The lunar eclipse viewed from the Moon reveals why it'll turn red

The Blood Moon is happening tonight. Our only natural satellite will turn red when the Earth blocks the Sun but, why doesn't it just disappear from the sky? Why does it glow red and orange instead? The reason is simple, as this simulation made by NASA Goddard Visualization Studio shows.

The Earth blocks all the sunlight and, by doing so, it allows the Moon to be illuminated by a much subtle light: "A red ring, the sum of all Earth's sunrises and sunsets, lines the Earth's limb and casts a ruddy light on the lunar landscape." Is that glow that makes the Moon turn Halloween orange and chimney red, to quote Tom Waits.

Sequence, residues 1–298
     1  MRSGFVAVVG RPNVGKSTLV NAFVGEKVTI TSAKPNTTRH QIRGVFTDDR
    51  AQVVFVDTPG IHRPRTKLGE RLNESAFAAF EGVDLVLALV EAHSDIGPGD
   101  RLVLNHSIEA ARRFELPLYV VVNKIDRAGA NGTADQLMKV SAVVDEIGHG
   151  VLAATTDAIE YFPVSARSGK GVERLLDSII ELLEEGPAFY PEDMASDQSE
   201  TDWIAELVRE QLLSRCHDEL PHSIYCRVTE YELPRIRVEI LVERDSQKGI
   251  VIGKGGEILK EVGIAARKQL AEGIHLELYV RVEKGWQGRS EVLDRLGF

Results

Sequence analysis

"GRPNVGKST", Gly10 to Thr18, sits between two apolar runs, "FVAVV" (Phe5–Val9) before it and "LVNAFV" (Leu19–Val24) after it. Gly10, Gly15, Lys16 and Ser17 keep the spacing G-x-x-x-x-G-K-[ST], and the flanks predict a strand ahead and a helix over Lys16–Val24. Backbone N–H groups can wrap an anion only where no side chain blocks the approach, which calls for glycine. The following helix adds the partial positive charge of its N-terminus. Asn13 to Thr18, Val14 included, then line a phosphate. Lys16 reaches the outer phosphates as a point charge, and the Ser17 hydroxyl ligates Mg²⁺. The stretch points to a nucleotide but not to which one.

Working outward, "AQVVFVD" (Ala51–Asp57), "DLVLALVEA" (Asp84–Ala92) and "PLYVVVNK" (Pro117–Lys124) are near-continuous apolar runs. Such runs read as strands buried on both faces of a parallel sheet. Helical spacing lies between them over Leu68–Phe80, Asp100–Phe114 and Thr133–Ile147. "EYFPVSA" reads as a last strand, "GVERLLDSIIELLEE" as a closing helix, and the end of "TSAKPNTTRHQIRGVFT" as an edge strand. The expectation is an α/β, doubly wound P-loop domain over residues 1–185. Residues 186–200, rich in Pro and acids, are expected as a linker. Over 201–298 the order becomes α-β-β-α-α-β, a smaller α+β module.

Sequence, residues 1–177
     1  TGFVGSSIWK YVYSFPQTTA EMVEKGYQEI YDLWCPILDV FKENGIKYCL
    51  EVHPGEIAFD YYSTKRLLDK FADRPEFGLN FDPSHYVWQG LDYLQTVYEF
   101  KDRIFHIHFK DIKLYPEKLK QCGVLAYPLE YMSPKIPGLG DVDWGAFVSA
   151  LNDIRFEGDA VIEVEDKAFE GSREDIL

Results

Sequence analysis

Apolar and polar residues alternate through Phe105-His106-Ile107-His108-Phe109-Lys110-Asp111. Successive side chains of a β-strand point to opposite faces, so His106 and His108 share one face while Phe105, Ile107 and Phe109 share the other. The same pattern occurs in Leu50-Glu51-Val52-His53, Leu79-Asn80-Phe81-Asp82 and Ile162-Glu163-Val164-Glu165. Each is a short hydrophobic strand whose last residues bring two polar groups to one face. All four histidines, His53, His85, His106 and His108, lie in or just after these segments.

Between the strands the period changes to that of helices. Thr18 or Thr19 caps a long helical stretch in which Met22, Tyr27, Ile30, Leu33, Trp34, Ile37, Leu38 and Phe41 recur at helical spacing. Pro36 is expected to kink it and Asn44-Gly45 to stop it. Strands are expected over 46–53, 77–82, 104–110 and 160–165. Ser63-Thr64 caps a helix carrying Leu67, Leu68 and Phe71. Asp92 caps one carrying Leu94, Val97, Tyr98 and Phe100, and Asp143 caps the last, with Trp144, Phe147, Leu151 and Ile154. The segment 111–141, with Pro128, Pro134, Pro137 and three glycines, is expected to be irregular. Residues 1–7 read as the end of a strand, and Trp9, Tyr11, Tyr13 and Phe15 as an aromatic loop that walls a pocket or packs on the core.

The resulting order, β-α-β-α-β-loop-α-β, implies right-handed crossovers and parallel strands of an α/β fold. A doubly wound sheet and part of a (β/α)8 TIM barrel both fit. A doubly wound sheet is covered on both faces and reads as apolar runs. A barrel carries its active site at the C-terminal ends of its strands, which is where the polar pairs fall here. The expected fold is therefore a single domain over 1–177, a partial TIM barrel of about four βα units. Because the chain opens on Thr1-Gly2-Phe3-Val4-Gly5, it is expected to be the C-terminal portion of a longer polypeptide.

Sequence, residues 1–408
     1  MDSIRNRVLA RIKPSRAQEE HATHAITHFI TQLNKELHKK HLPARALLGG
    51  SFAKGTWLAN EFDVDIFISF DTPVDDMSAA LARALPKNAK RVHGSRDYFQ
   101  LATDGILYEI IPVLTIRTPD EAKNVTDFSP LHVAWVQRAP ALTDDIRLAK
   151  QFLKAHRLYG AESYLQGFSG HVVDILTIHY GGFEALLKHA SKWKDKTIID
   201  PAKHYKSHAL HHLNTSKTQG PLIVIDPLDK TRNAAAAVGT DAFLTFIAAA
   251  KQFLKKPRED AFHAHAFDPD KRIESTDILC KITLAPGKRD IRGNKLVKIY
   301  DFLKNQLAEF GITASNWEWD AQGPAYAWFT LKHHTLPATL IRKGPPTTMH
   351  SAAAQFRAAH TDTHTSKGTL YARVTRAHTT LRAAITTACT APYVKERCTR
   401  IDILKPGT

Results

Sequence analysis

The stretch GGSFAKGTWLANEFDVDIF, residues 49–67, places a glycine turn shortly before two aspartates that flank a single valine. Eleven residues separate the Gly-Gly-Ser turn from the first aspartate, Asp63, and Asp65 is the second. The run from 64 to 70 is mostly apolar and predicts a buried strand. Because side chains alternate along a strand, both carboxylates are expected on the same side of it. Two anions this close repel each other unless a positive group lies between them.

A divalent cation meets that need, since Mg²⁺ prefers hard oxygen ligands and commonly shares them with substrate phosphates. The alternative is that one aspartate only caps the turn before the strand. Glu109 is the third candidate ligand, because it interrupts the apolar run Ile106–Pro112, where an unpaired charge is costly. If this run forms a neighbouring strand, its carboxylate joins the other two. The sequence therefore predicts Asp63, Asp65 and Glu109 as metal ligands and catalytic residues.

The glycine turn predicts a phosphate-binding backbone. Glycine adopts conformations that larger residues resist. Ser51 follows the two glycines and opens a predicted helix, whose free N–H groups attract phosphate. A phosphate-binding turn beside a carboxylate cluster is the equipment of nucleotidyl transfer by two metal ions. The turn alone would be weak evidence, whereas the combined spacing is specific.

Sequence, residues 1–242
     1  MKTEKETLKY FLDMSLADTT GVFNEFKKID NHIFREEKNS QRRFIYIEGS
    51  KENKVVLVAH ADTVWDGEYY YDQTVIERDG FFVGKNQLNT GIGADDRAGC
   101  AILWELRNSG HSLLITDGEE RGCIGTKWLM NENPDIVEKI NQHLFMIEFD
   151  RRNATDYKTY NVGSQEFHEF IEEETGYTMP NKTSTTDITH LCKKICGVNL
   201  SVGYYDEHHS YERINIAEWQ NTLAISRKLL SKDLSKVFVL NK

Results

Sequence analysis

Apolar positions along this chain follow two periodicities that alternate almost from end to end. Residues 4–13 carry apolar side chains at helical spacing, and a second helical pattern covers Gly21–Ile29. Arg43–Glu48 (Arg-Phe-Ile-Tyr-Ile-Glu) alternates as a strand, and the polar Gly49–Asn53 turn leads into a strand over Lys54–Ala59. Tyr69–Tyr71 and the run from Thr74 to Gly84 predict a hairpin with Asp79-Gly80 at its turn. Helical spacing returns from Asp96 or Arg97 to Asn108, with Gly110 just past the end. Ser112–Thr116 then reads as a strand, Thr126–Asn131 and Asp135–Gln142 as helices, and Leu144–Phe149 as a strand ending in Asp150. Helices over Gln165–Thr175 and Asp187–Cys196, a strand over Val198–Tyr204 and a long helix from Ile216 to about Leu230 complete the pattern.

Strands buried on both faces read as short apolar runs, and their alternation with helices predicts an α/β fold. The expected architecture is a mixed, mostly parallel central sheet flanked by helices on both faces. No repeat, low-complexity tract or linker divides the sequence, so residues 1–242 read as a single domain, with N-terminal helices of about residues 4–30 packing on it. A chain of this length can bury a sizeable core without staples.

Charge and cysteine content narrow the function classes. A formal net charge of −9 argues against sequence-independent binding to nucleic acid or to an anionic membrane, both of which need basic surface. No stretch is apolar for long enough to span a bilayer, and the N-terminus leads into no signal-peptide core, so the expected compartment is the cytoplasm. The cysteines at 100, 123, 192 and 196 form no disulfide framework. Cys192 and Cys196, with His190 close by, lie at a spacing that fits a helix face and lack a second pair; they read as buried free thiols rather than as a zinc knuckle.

And, on top of that, the darkness of the sky also lets the the stars—which are always washed out by the Sun—come out. What a beautiful view that must be.


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